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Difference between Road, Race, Triathalon, Touring etc...???(6 posts)

Difference between Road, Race, Triathalon, Touring etc...???PBWatson
May 23, 2002 7:51 AM
I've been a biker for several years, but I've only ridden mountain bikes. Its gotten hard to fit riding time into my schedule & I'm thinking my answer is to commute to work by bike. My bike is a great bike, but its a 24# full suspension mountain bike & I want to go fast. This bike will get used to go 20 miles round trip probably 3-6 days a week + the weekend rides.
re: Difference between Road, Race, Triathalon, Touring etc...???SteveO
May 23, 2002 8:00 AM
Road & Race - these days...getting tough to distinguish; mostly race is lighter/slightly steeper, higher tech. Good all-around bike.
Triathlon - VERY steep. Uncomfortable not optimal for crit-type riding (good for putting your head down and going fast in a straight line).
Touring - slightly more relaxed, (usually) slightly heavier, usually contains more bosses and eyelits for add-ons (such as racks for your work-clothes or rain gear).

I'd consider just buying a new set of wheels and putting 1" ATB road slicks on your current bike. Unless you live in a really hilly area, the weight wont make THAT much difference (especially for commuting purposes).
AgreeMSA
May 23, 2002 8:19 AM
I commute with my ATB, about 15 miles round trip. My goal for biking is fitness, not racing, so getting a light fast bike for commuting is actually counterproductive. My road bike is light and fast, but when I commute with it, I don't feel like I've had any workout at all. I only ride my road bike on the weekends with my club, where we average 20-22 MPH over 50 miles. So the short answer to your question is: it depends on your goals.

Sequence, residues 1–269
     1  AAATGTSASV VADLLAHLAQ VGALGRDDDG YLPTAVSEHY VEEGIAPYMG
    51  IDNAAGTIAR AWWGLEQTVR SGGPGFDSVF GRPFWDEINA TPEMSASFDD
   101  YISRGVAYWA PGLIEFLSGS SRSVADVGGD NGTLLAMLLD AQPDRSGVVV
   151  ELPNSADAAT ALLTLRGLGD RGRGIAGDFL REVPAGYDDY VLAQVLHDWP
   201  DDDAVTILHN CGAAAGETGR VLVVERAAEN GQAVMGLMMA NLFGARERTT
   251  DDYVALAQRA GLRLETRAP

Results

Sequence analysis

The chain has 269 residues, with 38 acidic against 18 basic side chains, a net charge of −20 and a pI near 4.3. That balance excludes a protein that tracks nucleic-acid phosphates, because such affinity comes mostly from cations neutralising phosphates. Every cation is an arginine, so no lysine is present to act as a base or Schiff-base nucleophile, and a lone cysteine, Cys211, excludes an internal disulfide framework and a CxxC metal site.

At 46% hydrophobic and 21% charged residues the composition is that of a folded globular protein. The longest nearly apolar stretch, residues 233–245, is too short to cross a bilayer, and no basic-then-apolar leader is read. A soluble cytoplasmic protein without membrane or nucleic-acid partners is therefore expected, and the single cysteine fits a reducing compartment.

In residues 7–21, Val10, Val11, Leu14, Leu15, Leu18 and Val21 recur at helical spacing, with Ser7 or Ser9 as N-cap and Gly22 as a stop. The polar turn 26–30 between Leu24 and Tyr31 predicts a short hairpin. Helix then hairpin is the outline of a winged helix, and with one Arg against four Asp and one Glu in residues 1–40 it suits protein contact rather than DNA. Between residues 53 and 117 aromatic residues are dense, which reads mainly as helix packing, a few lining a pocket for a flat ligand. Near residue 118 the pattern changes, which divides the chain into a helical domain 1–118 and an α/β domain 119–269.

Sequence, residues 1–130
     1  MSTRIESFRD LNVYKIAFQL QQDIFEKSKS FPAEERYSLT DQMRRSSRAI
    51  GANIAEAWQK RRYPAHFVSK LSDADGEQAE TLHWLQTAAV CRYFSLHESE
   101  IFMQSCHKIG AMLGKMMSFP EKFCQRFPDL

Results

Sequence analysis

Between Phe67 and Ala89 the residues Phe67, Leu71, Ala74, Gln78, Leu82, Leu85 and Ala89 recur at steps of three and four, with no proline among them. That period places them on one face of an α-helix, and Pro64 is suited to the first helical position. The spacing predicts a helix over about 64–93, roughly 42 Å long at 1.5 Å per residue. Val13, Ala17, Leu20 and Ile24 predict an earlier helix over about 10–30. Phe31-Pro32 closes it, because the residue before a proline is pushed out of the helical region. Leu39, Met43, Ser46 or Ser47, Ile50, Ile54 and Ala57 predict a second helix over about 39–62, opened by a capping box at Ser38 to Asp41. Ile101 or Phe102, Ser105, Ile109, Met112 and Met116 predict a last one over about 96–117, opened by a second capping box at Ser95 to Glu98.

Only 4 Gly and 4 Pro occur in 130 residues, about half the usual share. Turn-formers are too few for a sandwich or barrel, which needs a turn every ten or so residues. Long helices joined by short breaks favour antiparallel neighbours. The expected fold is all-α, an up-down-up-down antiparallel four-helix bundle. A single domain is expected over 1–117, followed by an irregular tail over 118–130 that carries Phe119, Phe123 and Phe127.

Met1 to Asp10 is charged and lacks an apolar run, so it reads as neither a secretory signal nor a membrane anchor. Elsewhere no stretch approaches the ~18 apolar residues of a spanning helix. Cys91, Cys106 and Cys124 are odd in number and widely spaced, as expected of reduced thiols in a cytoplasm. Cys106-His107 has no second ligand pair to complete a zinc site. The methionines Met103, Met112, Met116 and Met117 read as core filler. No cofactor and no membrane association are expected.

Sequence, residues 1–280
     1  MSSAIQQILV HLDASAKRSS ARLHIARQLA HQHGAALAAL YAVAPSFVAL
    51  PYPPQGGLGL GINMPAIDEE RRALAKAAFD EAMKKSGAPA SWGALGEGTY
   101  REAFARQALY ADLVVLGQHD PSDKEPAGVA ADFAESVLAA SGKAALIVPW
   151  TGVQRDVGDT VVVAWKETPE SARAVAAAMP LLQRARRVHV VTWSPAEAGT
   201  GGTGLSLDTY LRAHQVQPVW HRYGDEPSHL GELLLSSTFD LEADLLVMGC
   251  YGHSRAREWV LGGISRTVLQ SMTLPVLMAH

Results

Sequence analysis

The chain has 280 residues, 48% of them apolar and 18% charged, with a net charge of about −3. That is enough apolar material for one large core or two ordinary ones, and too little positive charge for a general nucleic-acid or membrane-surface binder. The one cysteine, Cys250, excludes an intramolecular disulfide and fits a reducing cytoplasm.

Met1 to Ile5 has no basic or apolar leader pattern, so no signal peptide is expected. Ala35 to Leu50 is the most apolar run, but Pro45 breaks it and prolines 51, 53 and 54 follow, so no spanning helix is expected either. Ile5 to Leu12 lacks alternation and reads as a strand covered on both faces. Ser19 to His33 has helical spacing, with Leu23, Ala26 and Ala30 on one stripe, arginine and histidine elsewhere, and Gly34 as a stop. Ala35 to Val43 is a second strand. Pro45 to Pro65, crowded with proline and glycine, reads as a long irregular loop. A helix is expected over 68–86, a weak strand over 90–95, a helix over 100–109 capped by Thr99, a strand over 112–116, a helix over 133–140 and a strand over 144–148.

Differences & the balancing actMelMo
May 23, 2002 9:37 AM
Touring bikes will have a longer wheelbase (good for rack & panniers if you have to carry stuff to work) and more straightline stability, more likely to have bombproof wheels for your local potholes, weigh more, and turn kind of slow. As a previous poster pointed out, triathalon bikes are steep and fast, but probably brutally uncomfortable for a 20 mile rt and may hurt you on weekend (club?) rides too. The distinction between road and race is fuzzy, but in general, on the "sport touring" end of the spectrum you get slightly more relaxed angles, fender and/or rack eyelets, and maybe clearance for tires bigger than 23 and (note: regional bias, I live in Seattle) even fenders. On the racier end of the scale you don't have the fender/rack eyelets, little clearance, but they don't weigh much and they feel really fast.

You will probably need to do a balancing act to get a bike that goes fast but is still a reasonable commuter. You might look into something like a Lemond--some models have eyelets should you feel the need for a rack, and my husband managed to squeeze 25s and fenders on his. Take off the commuter accessories for the weekend rides, and you've got a pretty fast, not too heavy, and comfy bike. Same deal goes for the Jamis Quest or Ventura, or the Gunnar Sport, just off the top of my head.

If fast is more important that comfortable and details like eyelets and fender clearance, and you're willing to schlep your commuter gear on your back, the sky and your budget are the limit.

Melinda
Surly CrossCheckwonderdog
May 23, 2002 10:20 AM

I have a Surly CrossCheck set up for commuting with fenders and fat Rolly Poly tires (28mm). It's a great rig for this purpose because of it's comfortable geometry. Check it out!

re: Difference between Road, Race, Triathalon, Touring etc...???craigg
May 23, 2002 6:03 PM
My experience is that it is not feasible to take my road bike to work for various reasons:

1. security risk (even 2 floors down in in door carpark the chance of theft is high. The mountain bike is worth much less and is less likely to be stolen)
2. Comfort - paths to work are fairly bumpy and a commute is a combination of comfort and speed for me.
3. My MTB will wear a lot better

I do have slick tyres on the MTB which makes the commute hugely easier !

Cheers.

cg